"Most people tend to be not very good at making trade-offs between immediate gratification and future health benefits. There's a probability that something bad will happen to them, but it's not definite, whereas the cost of changing a behavior is immediate and often requires a lot of effort. An incentive program can be helpful in areas like smoking, where it can help change the equation so people weigh the future consequences of their actions.
"Indeed, in our study with GE employees, we provided financial incentives up to $750, which is approximately the annual cost difference between a smoking and nonsmoking premium. That incentive tripled the long-term smoking cessation rate, and in January 2010, GE decided to implement the program for all their employees.
"I believe that these programs can be implemented fairly. Lower-wage workers tend to have higher rates of the health problems we're trying to fix: smoking and obesity. Consequently, offering programs for these conditions might disproportionately help lower-income people. I'm not sure why some people think they are going to be less likely to be helped. The same dollar amount may have a greater impact on a lower-income person.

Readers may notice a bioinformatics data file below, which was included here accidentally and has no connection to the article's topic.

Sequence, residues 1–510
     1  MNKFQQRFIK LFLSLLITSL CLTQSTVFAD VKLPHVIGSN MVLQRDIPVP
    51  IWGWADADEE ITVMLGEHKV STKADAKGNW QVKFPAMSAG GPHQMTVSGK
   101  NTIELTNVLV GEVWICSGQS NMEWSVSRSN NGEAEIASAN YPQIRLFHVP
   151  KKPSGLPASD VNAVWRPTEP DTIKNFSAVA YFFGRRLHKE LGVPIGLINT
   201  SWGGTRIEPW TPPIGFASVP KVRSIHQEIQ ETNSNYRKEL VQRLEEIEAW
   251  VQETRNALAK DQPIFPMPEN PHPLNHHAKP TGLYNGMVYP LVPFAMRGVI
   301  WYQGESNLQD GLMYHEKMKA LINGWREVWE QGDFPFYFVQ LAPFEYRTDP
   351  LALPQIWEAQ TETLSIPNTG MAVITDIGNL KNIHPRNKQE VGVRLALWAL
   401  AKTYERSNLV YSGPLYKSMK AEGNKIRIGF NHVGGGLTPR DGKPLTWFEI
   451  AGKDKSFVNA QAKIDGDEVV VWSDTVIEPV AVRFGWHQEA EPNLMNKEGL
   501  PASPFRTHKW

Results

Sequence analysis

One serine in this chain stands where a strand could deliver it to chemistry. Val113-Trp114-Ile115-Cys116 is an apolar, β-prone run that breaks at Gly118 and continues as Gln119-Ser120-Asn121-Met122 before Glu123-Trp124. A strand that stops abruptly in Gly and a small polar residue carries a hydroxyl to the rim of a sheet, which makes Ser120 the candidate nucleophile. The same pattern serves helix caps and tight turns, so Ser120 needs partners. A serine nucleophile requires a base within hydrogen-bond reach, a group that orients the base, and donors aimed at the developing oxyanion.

"One of the things that is unanswered is whether, when you do a program, you should offer awards based on achievement of outcome or effort. The evidence out there suggests that it is less effective to pay for effort than outcome. There are lots of reasons you can imagine simply showing up at a smoking cessation program doesn't work on its own — because many programs aren't that effective. Rewards for achieving better outcomes, on the other hand, seem to work quite well."